When I was living in New York City, I started hearing original music from the 1920s, such as Fats Waller. That opened a whole new world to me – most of the stuff I was exposed to as a kid was the ’50s version of what the ’20s was, like the movie Singin’ in the Rain.

[Overall,] I would say songs from the Great American Songbook.

What composers make up the Great American Songbook? I would say it started in the late teens through the 1950s, covering people such as Cole Porter, Ira and George Gershwin, Rodgers and Hart, Irving Berlin, Harold Arlen, Hoagy Carmichael – and a plethora of other ones. It was the golden age of songwriting.

Which one of these composers’ works is a particular favorite to perform? That’s like asking which one of your children do you like better! But, I just did the Gershwin show, so I’m really attracted to both Gershwins. I really love Ira’s lyrics and George’s music. I have also done a Rodgers and Hart show, and Lorenz Hart lyrics are heart-wrenching and sad, but are also so witty. I’d have to say his are my favorite lyrics.

If you could travel back in time, with whom would you perform? I’ve “time traveled” in a way for something I would have liked to see, such as the show Girl Crazy in 1930, when Ethel Merman made her stage debut and it made her a star. The musical was by both Gershwins, and the orchestra pit [band] was composed of Benny Goodman, Glenn Miller, Gene Krupa [and] Jack Teagarden, to name just a few.

But if I was to perform with anyone, it would have to be Fats Waller.

Do you have a set of different shows to draw from? I’m doing a songbook series of shows – one of the best shows we put together was one at Le Chat Noir [in New Orleans] about songwriter Johnny Mercer. Mercer’s life is so interesting; I read Phillip Furia’s biography, Skylark: The Life and Times of Johnny Mercer, and so many of the songs are so much deeper after you read it. He had an affair with Judy Garland and the song, “I Remember You” was about Garland. Here are some lyrics:

When my life is through
And the angels ask me to recall
The thrill of it all
Then I will tell them I remember, tell them I remember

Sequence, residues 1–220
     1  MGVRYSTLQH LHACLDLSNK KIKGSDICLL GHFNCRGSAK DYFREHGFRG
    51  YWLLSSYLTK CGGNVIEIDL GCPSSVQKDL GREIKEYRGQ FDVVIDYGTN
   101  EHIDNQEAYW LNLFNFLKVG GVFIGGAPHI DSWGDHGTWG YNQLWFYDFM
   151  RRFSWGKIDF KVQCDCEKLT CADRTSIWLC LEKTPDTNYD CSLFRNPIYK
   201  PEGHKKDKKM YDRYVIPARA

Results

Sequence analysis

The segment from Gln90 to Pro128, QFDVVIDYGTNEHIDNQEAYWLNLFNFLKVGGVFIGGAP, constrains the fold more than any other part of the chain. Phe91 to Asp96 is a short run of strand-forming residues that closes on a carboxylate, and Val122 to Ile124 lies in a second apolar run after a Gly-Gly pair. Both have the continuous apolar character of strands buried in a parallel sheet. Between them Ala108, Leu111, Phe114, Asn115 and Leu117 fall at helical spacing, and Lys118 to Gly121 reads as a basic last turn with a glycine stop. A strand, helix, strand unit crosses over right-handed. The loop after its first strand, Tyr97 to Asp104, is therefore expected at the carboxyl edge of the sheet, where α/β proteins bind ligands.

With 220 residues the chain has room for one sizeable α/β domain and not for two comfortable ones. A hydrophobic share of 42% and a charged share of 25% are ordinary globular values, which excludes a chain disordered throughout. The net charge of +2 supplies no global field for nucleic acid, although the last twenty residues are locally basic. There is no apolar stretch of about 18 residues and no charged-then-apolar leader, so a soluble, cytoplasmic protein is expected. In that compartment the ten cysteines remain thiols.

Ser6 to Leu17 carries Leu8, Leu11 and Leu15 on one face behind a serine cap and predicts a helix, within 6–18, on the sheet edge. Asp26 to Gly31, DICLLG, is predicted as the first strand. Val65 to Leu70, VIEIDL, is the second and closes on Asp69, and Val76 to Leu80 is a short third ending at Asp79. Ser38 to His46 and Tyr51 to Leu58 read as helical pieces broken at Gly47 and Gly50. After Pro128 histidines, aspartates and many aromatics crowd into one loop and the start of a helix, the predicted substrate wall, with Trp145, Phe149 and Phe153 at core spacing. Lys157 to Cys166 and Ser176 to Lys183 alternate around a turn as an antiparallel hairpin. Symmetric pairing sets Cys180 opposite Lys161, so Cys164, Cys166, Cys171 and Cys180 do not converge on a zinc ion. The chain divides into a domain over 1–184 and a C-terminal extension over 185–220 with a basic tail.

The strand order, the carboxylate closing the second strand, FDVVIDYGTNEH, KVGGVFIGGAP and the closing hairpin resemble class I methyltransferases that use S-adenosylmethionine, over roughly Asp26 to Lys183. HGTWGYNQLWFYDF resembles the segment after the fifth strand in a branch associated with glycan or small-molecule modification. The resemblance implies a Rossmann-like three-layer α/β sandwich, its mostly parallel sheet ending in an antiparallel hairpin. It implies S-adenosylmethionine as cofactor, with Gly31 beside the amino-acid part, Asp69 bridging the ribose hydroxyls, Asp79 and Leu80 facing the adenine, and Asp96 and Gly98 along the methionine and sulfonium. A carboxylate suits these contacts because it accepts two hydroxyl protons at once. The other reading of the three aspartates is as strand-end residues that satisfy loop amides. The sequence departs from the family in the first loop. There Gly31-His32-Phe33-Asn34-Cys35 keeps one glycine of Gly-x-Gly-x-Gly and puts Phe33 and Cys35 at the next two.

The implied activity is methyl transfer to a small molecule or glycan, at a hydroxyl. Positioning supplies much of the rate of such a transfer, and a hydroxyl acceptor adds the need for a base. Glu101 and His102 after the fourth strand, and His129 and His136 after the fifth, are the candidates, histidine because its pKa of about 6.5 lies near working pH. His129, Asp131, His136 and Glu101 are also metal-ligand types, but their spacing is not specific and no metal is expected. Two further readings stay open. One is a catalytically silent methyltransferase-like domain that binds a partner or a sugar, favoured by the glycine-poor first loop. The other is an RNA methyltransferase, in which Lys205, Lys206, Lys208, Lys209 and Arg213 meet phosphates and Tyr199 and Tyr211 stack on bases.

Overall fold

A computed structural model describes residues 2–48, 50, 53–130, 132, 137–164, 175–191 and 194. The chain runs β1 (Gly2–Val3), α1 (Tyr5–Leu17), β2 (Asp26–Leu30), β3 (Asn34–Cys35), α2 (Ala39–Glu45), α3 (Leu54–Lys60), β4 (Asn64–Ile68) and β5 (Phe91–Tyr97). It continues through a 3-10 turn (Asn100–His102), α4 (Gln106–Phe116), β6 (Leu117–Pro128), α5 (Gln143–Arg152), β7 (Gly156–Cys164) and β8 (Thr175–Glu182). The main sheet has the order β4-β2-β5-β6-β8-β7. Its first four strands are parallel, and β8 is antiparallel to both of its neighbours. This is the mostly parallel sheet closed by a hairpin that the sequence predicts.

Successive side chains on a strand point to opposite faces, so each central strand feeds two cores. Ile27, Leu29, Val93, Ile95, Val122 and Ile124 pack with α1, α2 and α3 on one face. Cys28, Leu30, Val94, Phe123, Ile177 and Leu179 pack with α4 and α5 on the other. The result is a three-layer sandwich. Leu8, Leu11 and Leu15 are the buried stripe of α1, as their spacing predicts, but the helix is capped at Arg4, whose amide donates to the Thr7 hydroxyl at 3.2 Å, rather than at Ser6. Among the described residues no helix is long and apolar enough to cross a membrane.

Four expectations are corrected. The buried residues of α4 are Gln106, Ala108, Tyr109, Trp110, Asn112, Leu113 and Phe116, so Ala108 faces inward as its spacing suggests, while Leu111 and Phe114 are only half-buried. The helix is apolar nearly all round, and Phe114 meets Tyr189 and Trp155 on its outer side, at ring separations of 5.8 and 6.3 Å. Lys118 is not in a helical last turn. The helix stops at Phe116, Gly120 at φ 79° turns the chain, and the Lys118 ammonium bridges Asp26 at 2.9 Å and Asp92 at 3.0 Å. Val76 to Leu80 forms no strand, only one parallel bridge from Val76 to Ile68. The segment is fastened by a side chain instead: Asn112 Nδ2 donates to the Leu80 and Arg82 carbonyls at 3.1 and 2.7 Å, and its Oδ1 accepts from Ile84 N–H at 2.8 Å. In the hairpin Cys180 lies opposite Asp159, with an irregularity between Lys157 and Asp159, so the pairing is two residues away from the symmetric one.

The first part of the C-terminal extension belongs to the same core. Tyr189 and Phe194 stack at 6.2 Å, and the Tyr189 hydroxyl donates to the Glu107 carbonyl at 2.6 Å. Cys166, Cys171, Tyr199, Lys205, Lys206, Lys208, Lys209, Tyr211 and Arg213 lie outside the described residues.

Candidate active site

Tell them I remember you

Is that not gorgeous? When he passed away his wife, Ginger, put together a compilation of his songs, but she didn’t put that song in it because she knew it was about Judy.

As a woman in a male-dominated industry, what advice would you give to a woman performer? Nothing you could print – my advice comes very colorfully. [However,] I guess the most important thing is to know what you’re doing.

What makes you stay in New Orleans (you travel a lot for your job)? When I moved to New York City originally I was touring with a band, and everywhere we went was exactly the same, except New Orleans. I had been here before, when I was in high school and my mother took a friend and me on a trip. We went to all the bars and clubs, like the My-Oh-My Club. My mother loved show business, and while anyone would have been yanking their kid out of those places she was, “Oh, look at that costume.”

What I realized is that every place else in the United States is white bread and mayonnaise, and everything here is not – it’s spicy and the architecture is so different. You can’t control where you were born, but you have a choice where you live!

What’s the difference between performing at the French Quarter Festival and New Orleans Jazz and Heritage Festival? I guess in one sense, there’s more similarities for the type of audience, but there seems to be a little more energy at French Quarter Festival only because they are moving – there’s not as many places to sit down as Jazz Fest. There are more people dancing in front of you, as opposed to Jazz Fest when they dance off at the side. And we always close out the day at Jazz Fest, so everyone is pretty tired.

True Confession: Actually, I’m not a bad cook. My signature dish is eggs Benedict.